Home News ‘Factors contributing to antibiotics abuse, antimicrobial resistance’

‘Factors contributing to antibiotics abuse, antimicrobial resistance’

by Haruna Gimba

By Asmau Ahmad

The Nigerian Centre for Disease Control (NCDC) has identified irrational use of antibiotics, lower education level of caregivers and the health insurance status of patients among others as factors contributing to Antimicrobial Resistance.

NCDC defines antimicrobial resistance as a process whereby, organisms including a range of bacteria, parasites, viruses, and fungi become resistant to antimicrobials and compromise the effective treatment of infections, reducing the efficacy of these medicines, thereby making the treatment of infections expensive, difficult, or even impossible.

According to the NCDC, the impact of AMR is particularly felt by vulnerable patients that might be unable to bear the associated higher costs or worsened illness, ultimately resulting in greater disability and increased mortality.

On the emergence and spread of AMR, the centre said AMR occurs naturally over time, usually through genetic changes, saying that antimicrobial-resistant organisms are found in people, animals, food, plants and the environment – water, soil and air.

The NCDC noted that they can spread from person to person or between people and animals, including from food of animal origin.

It further said the main drivers of antimicrobial resistance are the misuse and overuse of antimicrobials and lack of access to clean water, sanitation and hygiene (WASH) for both humans and animals.

Other sources include poor infection and disease prevention and control in healthcare facilities and farms; poor access to quality, affordable medicines, vaccines and diagnostics; lack of awareness and knowledge as well as paucity of legislation enforcement.

“Worldwide, the magnitude of the problem and its effect on animal and human health and its impact on economies are poorly documented. However, estimates record an untenably high burden that will largely be borne by low-income countries such as Nigeria,” the Centre stated in its weekly report.

The NCDC noted that a rational drug use survey conducted in 12 developing countries found that Nigeria had the average number of drug prescriptions (3.8 drugs/encounter) and the third highest percentage of antibiotic prescriptions at 48%.

“Other factors contributing to the irrational use of antibiotics include the lower education level of many caregivers as well as the health insurance status of patients as those with insurance are more likely to have antibiotics prescribed. Prescribers’ characteristics such as years of practice and specialisation also contribute to the empirical prescription of antibiotics,” it further stated.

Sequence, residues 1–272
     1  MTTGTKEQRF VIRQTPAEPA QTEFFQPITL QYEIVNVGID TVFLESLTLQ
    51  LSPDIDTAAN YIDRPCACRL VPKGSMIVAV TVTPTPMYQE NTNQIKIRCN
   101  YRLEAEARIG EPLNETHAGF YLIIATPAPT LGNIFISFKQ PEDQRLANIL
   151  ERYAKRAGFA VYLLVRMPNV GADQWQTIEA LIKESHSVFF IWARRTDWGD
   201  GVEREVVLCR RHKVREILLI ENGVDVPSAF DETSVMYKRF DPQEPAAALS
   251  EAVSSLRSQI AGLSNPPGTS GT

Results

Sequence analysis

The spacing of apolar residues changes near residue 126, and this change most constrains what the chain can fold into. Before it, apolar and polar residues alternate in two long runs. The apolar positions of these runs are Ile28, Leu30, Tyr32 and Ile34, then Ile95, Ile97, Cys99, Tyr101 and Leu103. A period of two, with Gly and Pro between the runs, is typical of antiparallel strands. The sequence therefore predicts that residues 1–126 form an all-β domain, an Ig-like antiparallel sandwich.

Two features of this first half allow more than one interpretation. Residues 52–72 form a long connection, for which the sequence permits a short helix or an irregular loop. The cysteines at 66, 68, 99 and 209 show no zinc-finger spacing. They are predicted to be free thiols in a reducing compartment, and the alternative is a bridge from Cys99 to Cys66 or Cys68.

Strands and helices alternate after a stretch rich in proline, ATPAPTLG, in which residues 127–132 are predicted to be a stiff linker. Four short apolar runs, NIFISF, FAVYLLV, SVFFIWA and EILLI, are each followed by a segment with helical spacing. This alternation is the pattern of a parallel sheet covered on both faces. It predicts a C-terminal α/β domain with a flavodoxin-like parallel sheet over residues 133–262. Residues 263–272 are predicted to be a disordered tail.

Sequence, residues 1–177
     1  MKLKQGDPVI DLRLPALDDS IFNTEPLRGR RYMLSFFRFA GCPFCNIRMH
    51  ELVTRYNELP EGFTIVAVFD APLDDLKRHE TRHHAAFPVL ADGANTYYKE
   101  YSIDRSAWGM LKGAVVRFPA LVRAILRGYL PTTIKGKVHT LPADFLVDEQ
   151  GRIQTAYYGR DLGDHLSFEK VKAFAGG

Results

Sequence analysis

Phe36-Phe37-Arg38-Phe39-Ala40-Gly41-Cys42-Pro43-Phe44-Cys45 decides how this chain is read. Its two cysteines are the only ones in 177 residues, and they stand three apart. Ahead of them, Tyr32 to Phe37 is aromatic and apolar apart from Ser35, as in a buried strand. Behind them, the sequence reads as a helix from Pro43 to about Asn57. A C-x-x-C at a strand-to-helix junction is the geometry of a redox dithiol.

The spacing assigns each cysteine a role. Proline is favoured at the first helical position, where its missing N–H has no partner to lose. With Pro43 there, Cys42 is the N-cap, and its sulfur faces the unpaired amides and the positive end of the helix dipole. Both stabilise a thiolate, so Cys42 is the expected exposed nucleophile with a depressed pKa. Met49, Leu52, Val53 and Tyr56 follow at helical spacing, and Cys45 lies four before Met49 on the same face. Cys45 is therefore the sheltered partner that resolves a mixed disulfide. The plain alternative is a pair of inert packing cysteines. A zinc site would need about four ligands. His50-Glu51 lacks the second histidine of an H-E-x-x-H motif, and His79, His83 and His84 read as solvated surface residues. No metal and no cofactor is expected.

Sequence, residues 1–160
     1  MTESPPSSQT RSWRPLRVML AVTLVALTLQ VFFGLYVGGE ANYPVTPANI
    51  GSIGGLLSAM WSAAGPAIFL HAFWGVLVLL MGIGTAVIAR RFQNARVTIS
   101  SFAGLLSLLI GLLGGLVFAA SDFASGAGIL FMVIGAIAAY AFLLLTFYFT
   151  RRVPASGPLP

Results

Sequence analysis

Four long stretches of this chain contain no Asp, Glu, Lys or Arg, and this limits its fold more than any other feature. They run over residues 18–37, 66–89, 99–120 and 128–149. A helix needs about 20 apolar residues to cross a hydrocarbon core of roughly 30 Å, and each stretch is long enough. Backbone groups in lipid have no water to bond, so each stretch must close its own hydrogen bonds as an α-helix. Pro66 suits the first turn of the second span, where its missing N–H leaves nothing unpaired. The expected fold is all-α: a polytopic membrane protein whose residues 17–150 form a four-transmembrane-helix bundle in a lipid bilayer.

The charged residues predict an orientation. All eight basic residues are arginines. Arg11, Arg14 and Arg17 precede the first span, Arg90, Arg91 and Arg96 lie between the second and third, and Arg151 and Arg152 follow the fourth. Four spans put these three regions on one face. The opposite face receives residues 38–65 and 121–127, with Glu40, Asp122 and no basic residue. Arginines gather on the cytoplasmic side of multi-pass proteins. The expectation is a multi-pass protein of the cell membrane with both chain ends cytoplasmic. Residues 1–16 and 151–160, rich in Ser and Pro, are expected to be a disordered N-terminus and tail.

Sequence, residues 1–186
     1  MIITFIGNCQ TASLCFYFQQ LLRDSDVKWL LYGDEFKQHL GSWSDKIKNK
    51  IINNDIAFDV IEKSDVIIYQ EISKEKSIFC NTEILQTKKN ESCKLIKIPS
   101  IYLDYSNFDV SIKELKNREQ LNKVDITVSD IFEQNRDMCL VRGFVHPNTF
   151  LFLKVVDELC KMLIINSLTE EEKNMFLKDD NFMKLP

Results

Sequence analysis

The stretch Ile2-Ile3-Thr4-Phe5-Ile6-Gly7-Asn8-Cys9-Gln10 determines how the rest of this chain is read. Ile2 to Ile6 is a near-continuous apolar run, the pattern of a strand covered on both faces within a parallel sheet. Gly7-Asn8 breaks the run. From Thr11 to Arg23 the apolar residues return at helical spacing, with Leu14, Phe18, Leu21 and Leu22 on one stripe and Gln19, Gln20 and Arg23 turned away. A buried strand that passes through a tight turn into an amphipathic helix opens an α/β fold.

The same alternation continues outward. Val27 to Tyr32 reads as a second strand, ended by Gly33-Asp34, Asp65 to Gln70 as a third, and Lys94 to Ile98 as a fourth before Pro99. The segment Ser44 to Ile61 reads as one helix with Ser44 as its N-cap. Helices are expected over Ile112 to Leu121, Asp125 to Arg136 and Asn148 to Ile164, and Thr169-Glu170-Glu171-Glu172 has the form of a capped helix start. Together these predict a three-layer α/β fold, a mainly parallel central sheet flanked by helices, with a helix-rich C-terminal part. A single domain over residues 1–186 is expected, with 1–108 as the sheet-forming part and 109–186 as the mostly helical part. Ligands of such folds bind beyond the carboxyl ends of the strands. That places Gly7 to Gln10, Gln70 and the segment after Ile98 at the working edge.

In healthcare settings within the country, according to NCDC, urinary tract infection prevalence ranges from 3.4% to 88.5% and the associated common resistant organisms are Pseudomonas, E. coli, Klebsiella and Staphylococcus.

The range of bloodstream infection prevalence is 6.6% to 49%, whilst healthcare-associated pneumonia prevalence ranges from l % to 86%.

Staphylococcus aureus according to the report is the most implicated pathogen for BSI in adults and Klebsiella sp in neonates.

“Several of the ‘priority bacteria’ listed by WHO that pose the greatest threat to human health have been detected in BSI including extended-spectrum beta-lactamase L-producing Enterobacter sp, methicillin-resistant Staphylococcus aureus and carbapenem-resistant Acinetobacter sp.

“This is of grave concern as these bacteria, which are resistant to multiple antibiotics can spread resistance genes to other bacteria. Most organisms causing UTIs were found to demonstrate significant resistance to first-line drugs,” NCDC said.

The centre also noted that high rates of resistance to Ceftriaxone were also recorded, a drug increasingly used to treat sepsis and a range of bacterial infections, adding that this illustrates that antimicrobial resistance is highly prevalent in the country and there is a need for a coordinated National action on AMR in the country.

“As resistance is pervasive in humans, animals, food products and the environment, a ‘One Health’ approach to resistance containment is Nigeria’s best option. Building a strong multisector (One Health) national AMR governance structure is key.

“The governance structure provides the AMR country-level governance framework which is the policy backbone for monitoring and evaluating the implementation of the AMR goals.

“These governance structures are the AMR Coordination Committee, and the AMR Technical Working Group which comprises 5 pillars: awareness, surveillance, stewardship, IPC and making an economic case to invest. These structures strategically feed into the One Health National Steering Committee (OHNSC) thereby, ensuring alignment with the national One Health agenda for Nigeria,” the NCDC stated.

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